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Israel PM Benjamin Netanyahu Faces Political Dilemma

On Sunday, Israel’s finance minister urged Netanyahu not to back down from ground attacks.


Israeli Prime Minister Benjamin Netanyahu’s far-right allies are ramping up pressure on the embattled prime minister to reject a new ceasefire in the Gaza Strip, threatening to undermine his government if he withdraws from Rafah’s attack on Hamas. It will jeopardize stability.

Mediators reach cease-fire deal amid threat of Israeli assault on Rafah, an area along the Egyptian border where about 1 million Palestinians displaced by Israeli military operations elsewhere in the Gaza Strip have taken refuge. Representatives from Hamas were scheduled to arrive in Cairo on Monday as they step up efforts to combat the threat.

However, after more than six months of war that began with a cross-border attack by Hamas on October 7, Israel announced that the remaining four battalions of the Palestinian Islamic group Hamas had set up trenches there and evacuated civilians before attacking. Announced.

But once a ceasefire is agreed, plans for the attack will be shelved and a “period of sustained peace” will be established, during which dozens of Hamas hostages will be transferred in exchange for Palestinian prisoners, according to people briefed on the talks. is scheduled to be released. .

On Sunday, Israeli Finance Minister Bezalel Smotrich said Prime Minister Benjamin Netanyahu was struggling with pressure from international allies to call off plans for the attack due to the high number of civilian casualties and the risk of a humanitarian disaster. He also called for the United States not to back down from the ground offensive against Hamas in Rafah. .

But in a video released to the press and addressed to Prime Minister Netanyahu, Smotrich said a ceasefire would be a humiliating defeat. If Hamas fails to be eradicated, “your government has no right to exist,” he said.

Smotrich was quickly followed by Police Minister Itamar Ben Gvir, who reposted on X his January 30 remarks from the previous ceasefire negotiations.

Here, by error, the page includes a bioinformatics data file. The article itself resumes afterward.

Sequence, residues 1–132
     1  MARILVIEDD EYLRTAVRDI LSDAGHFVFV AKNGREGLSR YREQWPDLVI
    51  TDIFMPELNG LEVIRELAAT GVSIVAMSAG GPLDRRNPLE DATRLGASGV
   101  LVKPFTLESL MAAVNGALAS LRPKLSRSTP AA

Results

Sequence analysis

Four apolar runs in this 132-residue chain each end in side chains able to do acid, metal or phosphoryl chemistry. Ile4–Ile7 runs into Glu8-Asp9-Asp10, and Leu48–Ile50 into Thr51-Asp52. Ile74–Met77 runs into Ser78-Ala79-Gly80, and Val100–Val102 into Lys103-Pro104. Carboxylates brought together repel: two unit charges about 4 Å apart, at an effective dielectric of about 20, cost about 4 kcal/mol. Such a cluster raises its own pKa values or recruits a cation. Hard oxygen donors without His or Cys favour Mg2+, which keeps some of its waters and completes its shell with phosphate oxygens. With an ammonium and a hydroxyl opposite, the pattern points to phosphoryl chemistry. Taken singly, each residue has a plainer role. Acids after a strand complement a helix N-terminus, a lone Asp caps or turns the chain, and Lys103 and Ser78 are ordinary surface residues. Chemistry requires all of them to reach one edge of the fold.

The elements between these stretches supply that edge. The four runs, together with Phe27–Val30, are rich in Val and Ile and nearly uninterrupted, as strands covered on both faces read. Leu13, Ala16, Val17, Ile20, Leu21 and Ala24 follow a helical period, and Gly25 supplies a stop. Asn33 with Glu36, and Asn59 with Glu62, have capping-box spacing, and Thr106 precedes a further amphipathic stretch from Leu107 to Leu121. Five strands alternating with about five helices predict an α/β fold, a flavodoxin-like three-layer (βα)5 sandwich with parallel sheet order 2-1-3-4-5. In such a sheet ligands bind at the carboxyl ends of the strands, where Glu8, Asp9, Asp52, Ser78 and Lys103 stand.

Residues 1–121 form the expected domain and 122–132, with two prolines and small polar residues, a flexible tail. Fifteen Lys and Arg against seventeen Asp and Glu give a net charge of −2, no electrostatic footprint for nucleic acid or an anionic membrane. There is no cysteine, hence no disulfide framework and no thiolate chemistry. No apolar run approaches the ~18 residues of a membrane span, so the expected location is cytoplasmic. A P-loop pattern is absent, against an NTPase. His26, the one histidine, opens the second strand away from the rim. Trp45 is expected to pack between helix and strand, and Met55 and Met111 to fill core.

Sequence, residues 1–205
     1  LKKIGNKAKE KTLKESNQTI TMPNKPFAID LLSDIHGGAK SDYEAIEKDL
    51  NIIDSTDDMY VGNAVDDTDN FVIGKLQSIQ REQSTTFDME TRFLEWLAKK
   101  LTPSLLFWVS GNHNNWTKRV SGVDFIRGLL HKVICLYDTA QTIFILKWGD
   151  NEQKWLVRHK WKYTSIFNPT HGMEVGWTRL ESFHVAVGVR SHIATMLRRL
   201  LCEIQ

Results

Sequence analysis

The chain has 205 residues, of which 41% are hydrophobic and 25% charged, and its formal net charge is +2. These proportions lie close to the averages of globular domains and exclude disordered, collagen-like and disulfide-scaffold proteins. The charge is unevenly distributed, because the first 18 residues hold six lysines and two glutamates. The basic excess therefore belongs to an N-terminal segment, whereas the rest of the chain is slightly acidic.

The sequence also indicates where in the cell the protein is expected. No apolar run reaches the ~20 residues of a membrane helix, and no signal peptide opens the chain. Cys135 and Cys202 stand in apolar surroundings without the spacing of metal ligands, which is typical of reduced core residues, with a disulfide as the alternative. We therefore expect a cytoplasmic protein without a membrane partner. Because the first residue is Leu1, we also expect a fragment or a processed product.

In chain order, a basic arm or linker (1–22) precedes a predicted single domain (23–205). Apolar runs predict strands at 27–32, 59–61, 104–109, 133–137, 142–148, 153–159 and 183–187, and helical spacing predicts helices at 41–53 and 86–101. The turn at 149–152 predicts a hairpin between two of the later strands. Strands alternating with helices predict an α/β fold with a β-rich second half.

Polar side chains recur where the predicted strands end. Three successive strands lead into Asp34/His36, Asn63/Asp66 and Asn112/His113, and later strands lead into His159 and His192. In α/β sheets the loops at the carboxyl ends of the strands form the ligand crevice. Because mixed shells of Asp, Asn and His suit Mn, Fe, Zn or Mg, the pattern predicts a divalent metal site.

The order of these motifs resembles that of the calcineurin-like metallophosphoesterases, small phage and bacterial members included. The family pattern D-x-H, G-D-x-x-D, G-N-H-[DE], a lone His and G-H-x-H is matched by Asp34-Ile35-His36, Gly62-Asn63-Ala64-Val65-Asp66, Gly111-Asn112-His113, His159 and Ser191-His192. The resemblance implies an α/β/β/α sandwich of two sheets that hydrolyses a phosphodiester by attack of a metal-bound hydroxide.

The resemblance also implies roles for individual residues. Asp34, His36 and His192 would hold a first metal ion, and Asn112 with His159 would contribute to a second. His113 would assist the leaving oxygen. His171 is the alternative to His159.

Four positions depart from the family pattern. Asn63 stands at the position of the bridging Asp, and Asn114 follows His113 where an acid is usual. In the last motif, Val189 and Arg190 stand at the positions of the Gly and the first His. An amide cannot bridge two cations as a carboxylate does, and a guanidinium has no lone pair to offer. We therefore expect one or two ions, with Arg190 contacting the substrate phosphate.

Prime Minister Benjamin Netanyahu’s office and his conservative Likud party have not responded to the minister’s comments. His spokesperson could not be reached for comment on Monday, the Jewish holiday of Passover.

But Benny Gantz, a centrist former defense minister who joined Netanyahu’s emergency war cabinet in October, chided him, saying he prioritized releasing the hostages over attacking Rafah.

Gantz said in a statement that, given the security failures of October 7 and calls for the return of the hostages inside Israel, refusing a responsible agreement that would ensure the release of the hostages would delegitimize the government. He said it would be.

Gantz’s popularity has soared in opinion polls since joining his wartime cabinet, but Prime Minister Benjamin Netanyahu, together with Smotrich and Ben Gvir’s parties, controls 64 of the 120 seats in parliament. He does not have the power to overthrow the government.

protests against acts of war

Ben Gvir and Smotrich have drawn the ire of the United States even before the Gaza war over their anti-Palestinian comments and policies supporting settlers in the Israeli-occupied West Bank. Both parties have a combined 13 parliamentary seats, so either party could dissolve the government.

If that happens, Prime Minister Netanyahu will need to win support from more centrist parties or face elections.

But the vote would pose serious risks to Prime Minister Netanyahu.

A series of opinion polls have proven that his popularity plummeted after Hamas’ October 7 attack, the worst since the Holocaust against Jews and the deadliest single day for Israel. There is. Opinion polls show his current coalition government faces a major electoral defeat.

At the same time, Israel’s longest-serving prime minister is on trial on corruption charges, denies wrongdoing, and faces growing protests over his war effort.

Israeli air and ground combat has destroyed much of the Gaza Strip and forced most of its 2.3 million residents from their homes. However, Hamas has not been defeated, and tens of thousands of Israelis continue to be forced from their homes in the south due to the Hamas uprising in October, and in the north due to daily rocket fire by the Lebanese Shiite Islamic extremist group Hezbollah. It is being said.

About 130 hostages remain in Gaza. A video released by Hamas on Wednesday showing US and Israeli hostage Hersh Goldberg Pollin sparked spontaneous protests around Prime Minister Benjamin Netanyahu’s residence in Jerusalem.

Demonstrators lit bonfires, painted their hands red and raised them while shouting, “Let’s all go home!” Police scuffled with some demonstrators and dragged Ben Gvir, who was attending a nearby event, through the crowd while shouting “shame on you.”

Families of some of the hostages have become increasingly harsh towards Netanyahu, accusing him of putting his own political survival ahead of the fate of their loved ones. Prime Minister Netanyahu strongly denies this, saying he is doing everything in his power to secure the release of the hostages, but that their release is being blocked primarily by Hamas.

Einav Zangaukar, the mother of Matan Zangaukar, 24, who was abducted from her kibbutz home on October 7, said she would not relent if the government missed this opportunity to forge a consensus.

“You left 133 hostages to rot in Hamas tunnels just to save your seats,” he told Prime Minister Benjamin Netanyahu at a rally in Tel Aviv on Saturday.

(This story has not been edited by NDTV staff and is auto-generated from a syndicated feed.)